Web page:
Back to: Business Management
Making an Argument
An argument is a persuasive communication used to espouse one’s point of view that is seen by the recipient as contrary to another point of view. The underlying purpose of the argument is to convince the recipient that the position held in the communication is the superior or appropriate position.
Overarching Objectives of the Argumentative Communication
While presenting an argument in a plausible speech, you would first want to state your stance in a consistent and cohesive manner, supporting your points with authentic sources. You will also want to make your audience believe that you are a trustworthy speaker and that your arguments are morally and ethically correct. Treating the viewer with respect is a must, which means that nothing you say should make them defensive.
Strategy and Structure of a Argument
Classical theory on the structure an strategy behind communication provides us with the following elements:
- Exordium – It is the introduction of your argument to prepare the listener for your argument.
- Narration – It is to provide relevant information to contextualize your argument to the audience.
- Division – Outlining the key points.
- Proposition – It is the introduction of your primary claim in the speech.
- Confirmation – Provides the evidence to authenticate your argument.
- Refutation – Introduces the audience to potential objections of the argument and then counters and refutes them.
- Digression – Departing from the main subject to present other matters.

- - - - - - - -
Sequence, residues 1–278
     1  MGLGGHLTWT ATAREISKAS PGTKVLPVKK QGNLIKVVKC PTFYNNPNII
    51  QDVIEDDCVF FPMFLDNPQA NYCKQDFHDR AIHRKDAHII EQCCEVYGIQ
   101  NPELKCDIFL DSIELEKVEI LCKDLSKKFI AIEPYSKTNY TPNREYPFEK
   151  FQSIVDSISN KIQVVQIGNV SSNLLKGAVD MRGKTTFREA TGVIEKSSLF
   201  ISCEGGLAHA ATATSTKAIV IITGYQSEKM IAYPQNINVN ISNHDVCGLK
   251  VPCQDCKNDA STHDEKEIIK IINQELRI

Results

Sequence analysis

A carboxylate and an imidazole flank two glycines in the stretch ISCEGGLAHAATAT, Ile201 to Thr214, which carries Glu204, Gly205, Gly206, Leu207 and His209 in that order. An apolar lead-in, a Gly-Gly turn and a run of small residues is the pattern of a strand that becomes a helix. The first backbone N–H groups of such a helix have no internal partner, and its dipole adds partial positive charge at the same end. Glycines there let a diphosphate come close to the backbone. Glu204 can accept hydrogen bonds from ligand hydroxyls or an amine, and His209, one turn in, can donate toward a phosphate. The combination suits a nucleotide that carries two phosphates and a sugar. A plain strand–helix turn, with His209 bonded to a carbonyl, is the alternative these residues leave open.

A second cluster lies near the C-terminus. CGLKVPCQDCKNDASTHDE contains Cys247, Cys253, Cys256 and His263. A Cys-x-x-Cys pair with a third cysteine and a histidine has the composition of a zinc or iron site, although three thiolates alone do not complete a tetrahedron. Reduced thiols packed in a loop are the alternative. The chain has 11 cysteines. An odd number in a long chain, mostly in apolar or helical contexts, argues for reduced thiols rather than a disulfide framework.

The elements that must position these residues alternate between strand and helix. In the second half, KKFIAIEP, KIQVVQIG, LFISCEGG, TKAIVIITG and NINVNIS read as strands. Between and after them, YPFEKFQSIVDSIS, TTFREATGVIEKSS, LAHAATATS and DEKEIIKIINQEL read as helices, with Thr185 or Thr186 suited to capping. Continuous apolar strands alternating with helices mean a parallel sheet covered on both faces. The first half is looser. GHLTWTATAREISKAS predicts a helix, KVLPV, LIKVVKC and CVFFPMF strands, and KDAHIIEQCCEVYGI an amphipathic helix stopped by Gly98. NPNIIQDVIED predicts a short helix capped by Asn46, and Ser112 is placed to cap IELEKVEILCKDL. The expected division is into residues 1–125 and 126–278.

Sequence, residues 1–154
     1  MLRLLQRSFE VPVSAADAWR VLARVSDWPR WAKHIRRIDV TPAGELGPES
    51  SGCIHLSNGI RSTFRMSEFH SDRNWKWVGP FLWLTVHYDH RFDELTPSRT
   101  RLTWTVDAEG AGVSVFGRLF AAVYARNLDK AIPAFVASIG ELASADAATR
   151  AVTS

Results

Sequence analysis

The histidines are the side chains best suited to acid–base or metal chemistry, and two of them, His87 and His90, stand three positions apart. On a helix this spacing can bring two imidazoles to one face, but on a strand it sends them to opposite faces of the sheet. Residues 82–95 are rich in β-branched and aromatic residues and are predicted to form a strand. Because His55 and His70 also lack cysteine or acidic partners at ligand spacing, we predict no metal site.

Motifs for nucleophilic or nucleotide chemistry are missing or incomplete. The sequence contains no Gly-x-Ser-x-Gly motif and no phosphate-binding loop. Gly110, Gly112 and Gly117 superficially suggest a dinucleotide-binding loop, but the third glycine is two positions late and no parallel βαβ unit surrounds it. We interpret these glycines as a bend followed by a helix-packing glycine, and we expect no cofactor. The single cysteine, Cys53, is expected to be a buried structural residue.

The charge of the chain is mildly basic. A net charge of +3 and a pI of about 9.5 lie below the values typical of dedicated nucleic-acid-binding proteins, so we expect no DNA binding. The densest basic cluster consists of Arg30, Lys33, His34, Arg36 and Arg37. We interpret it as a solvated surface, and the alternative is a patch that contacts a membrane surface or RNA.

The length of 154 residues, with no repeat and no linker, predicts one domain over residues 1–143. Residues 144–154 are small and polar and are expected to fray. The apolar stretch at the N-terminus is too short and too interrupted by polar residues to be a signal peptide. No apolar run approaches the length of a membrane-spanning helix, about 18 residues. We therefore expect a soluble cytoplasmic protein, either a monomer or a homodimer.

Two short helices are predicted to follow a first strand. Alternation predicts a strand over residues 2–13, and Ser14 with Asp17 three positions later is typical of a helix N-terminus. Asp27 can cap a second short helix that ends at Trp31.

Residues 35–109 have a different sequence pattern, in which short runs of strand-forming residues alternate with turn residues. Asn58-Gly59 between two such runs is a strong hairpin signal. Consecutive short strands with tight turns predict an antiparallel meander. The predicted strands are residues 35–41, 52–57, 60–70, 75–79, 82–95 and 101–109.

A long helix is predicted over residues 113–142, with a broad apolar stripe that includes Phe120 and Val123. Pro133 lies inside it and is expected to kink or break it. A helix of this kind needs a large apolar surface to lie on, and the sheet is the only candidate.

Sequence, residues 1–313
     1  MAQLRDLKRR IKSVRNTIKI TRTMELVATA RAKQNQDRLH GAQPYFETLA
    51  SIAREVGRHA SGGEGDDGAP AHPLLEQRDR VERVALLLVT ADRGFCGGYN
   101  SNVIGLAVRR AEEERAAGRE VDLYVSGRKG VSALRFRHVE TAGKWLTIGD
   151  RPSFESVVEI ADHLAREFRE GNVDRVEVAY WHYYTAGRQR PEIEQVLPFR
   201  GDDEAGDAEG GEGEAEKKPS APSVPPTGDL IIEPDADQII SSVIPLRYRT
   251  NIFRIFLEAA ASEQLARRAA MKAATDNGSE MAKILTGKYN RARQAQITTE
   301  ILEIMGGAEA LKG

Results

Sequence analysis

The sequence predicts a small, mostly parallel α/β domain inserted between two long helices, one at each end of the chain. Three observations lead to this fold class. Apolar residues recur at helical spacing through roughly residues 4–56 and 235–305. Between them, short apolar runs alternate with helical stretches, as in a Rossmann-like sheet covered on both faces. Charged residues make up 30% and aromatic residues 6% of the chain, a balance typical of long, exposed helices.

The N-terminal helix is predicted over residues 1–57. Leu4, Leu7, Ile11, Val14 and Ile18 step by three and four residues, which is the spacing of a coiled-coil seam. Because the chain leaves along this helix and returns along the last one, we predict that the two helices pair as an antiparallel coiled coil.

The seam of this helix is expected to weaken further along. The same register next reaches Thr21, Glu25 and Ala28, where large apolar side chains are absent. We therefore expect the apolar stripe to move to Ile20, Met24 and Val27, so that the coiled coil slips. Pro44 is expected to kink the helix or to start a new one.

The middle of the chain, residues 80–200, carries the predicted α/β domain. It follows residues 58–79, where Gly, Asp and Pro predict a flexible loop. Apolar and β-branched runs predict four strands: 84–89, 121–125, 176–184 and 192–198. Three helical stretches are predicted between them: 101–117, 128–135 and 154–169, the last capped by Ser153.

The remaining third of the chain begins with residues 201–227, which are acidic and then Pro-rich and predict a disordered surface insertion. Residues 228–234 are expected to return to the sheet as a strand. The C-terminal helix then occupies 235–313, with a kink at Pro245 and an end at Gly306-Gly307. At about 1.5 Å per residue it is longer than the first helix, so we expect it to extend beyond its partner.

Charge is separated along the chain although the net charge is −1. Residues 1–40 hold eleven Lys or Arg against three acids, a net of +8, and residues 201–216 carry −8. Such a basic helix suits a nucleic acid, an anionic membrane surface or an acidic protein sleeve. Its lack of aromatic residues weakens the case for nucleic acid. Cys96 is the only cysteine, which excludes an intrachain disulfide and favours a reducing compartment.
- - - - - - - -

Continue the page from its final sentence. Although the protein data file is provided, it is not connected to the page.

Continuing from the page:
- Peroration or Epilogue – Concluding part of the argument.
The pattern guides you through preparing your document and can serve as a checklist to make sure that you are ready. Stephen Toulmin’s rhetorical strategy focuses on three main elements:
- Claim – Your statement of belief or truth.
- Data – Your supporting reasons for the request.
- Warrant – You create the connection between the claim and the supporting rights.
The essence of this rhetorical strategy lies in the fact that it leads the audience through a logical set of steps which allows them to easily follow the argument as it explicitly states the claim, and then establishes a clear connection between the said claim and the data. It will enable the reader to grasp the writer’s reasoning.
Argumentation Strategies: GASCAP/T
Following is a useful way of chronologically remembering seven important argumentative strategies:
- Generalization – Anything which stands true for a compelling example of a well-represented sample should hold for anything similar or the entire population as well. For the STAR system to be reliable, we need an (S) sufficient number of (T) typical, (A) accurate and (R) reliable examples.
- Analogy – If any two scenarios, things or ideas are simply observed to be similar, they will potentially be alike in other ways too. Adverbs that end with “ly” are watched as they qualify or lessen the relationship between the examples. “Probably”, “maybe”, “could”, “may” or “usually” weaken the relationship.
- Sign – Empirical evidence like statistics, facts or case studies are indicative of meaning, as in a stop sign is a message to “stop.” The relation between sign is evaluated, and the correlation is noted where the presenter says what the symbols mean and whether they do a fair job on their own.
- Consequence – If any two situations always appear together, they can be said to have a causal relationship. Example: “After the fact, therefore because of the fact.” There is no apparent connection, and it sounds confusing.
- Authority – A credible source would usually convey authentic information. Institutes, boards, and people, in general, have agendas and definite opinions.
- Principle – It is an argument supported by the speaker’s personal experience. Is the policy being invoked accepted in general? Is the warrant, claim or data related to the principle stated in reality? Are there any common exceptions?